IDPC contribution to the Global Coalition to Address Synthetic Drug Threats


IDPC contribution to the Global Coalition to Address Synthetic Drug Threats

30 May 2024

The International Drug Policy Consortium (IDPC), a global network of 196 members from 75 countries, has submitted the following four main recommendations and observations to the Global Coalition to Address Synthetic Drug Threats to support their work to generate actions and collaboration in response to the rise in synthetic drug markets. These submissions have been made via the open call coordinated by the Vienna and New York NGO Committees on Drugs.

1. Data

Firstly, efforts to raise awareness of a fast-growing synthetic opioid overdose crisis must prioritise better data collection around the issue. It is a significant failing of UNODC and the World Drug Reports, that 2019 global data (around 500,000 drug-related deaths per year) are still being reported in 2023. In contrast, the IDPC ‘Shadow Report’ for the midterm review in 2024 highlights how out-dated this number likely is: available regional and national data point to an alarming rise, with more than 100,000 overdose deaths in 2022 in the USA alone. Better data will also clarify that this is a problem caused by fentanyl and other high-potency synthetic opioids – and not by tramadol and other synthetic drugs that are targeted by some governments, especially in Africa. Furthermore, data should be disaggregated by age, gender, ethnicity and socio-economic status, as preliminary research from civil society shows the disproportionate impacts of overdose poisoning deaths on people of African descent and people living in poverty.

2. Focus on Health

Linked to the above, and building on the groundbreaking 2024 CND resolution on overdose, this crisis has to be seen first and foremost as a health crisis that requires a robust, evidence-based health response. It requires greater access to, and funding for, essential and lifesaving harm reduction and treatment services: widespread access to naloxone (including peer distribution), drug checking services, needle and syringe programmes, overdose prevention sites / drug consumption rooms, low threshold access to opioid antagonist treatment, as well as safer supply programmes. These are the strongest lines of defence we have against escalating death rates. Energy and resources must not be misspent on scaling up punitive responses, law enforcement or the stigmatisation of drug use – these will simply keep people from accessing help, and place them more at risk.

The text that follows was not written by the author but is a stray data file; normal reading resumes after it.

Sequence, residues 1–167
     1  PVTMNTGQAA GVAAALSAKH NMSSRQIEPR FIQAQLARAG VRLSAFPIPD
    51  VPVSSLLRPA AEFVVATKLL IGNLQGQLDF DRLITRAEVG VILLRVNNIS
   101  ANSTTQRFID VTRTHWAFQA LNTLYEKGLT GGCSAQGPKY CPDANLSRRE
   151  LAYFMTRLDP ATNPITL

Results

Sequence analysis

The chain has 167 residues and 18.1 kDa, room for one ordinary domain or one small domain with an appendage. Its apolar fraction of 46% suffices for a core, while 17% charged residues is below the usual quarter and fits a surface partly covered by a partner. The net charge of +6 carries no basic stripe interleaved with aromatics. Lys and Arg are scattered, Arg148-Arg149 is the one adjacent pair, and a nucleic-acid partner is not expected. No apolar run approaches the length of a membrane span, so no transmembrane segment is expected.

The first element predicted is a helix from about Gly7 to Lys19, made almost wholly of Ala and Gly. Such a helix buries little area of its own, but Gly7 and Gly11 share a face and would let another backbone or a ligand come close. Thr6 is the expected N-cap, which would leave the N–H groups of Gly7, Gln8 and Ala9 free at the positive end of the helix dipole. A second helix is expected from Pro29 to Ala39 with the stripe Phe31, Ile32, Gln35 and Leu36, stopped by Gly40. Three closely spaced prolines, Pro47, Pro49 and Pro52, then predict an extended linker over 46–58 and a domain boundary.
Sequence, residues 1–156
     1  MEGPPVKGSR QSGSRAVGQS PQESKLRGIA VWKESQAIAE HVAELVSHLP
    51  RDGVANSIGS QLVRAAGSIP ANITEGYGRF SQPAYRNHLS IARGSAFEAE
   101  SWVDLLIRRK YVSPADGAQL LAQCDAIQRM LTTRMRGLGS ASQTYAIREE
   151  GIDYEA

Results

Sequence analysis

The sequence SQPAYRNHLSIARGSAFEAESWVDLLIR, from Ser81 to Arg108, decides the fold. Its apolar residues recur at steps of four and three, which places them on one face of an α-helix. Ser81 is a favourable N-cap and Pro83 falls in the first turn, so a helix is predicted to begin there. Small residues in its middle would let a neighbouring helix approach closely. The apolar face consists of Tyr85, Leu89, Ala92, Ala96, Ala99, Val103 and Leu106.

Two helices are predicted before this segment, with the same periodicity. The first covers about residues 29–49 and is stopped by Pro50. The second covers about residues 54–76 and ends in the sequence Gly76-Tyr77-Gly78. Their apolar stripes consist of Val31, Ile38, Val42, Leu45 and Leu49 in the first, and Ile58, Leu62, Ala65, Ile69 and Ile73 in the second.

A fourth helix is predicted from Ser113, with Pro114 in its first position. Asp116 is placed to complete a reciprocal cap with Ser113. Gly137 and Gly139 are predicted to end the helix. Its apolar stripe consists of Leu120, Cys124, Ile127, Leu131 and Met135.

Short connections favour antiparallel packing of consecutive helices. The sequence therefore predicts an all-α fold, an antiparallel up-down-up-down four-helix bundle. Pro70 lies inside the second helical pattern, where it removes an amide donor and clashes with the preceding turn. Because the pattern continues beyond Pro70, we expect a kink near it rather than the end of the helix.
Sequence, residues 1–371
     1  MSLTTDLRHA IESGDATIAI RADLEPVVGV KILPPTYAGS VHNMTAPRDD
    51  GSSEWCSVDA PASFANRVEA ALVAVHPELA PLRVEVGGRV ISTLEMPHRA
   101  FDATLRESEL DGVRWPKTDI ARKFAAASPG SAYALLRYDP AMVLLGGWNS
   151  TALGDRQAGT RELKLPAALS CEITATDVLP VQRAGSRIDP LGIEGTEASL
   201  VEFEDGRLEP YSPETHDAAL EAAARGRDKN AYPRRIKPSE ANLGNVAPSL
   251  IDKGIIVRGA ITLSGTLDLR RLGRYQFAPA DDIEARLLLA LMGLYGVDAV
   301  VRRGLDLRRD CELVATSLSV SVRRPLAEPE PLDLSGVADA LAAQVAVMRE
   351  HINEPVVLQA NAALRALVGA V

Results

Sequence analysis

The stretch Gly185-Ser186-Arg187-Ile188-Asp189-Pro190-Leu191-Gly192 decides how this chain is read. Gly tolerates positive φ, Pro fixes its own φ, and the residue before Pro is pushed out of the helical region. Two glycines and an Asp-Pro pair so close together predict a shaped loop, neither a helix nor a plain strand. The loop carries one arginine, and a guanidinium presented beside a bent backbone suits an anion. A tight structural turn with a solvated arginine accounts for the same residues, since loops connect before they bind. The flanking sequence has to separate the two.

3. Root Cause of the Problem

Thirdly, the rhetoric around the response to rising synthetic drug use and supply continues to omit one key reality: these high-risk changes to drug markets are a direct result of the international drug control system itself. As early as 2008, UNODC acknowledged “unintended consequences” of the system they oversee – including a lucrative, global criminal market, the treatment of people who use drugs as criminals, and “substance displacement” which was even back then identified as the cause of “the increasing popularity of synthetic drugs”. Government attempts to arrest, incarcerate and punish as a way to overcome the overdose crisis are doomed to fail, and will simply be fuelling stigmatising, ill-informed mantras at the cost of human lives. Responding to the overdose crisis also requires decriminalising drug use and related activities, to remove all sanctions against people who use drugs - as well as the consideration of responsible regulation for all drugs - as recommended by the OHCHR among others. This crisis should also be an opening for serious, honest international debate about how to modernise an out-dated drug control system to respond effectively to the current realities.

4. Civil society engagement

Finally, with the Global Coalition initiative set to end in 2024, it is essential that civil society is included in all future efforts. NGOs, and especially those with lived experience, have an irreplaceable role to play in designing, implementing and evaluating the response at all levels. Their engagement should not be an afterthought, nor a box-checking exercise – but a commitment to use their expertise and experience to help save lives.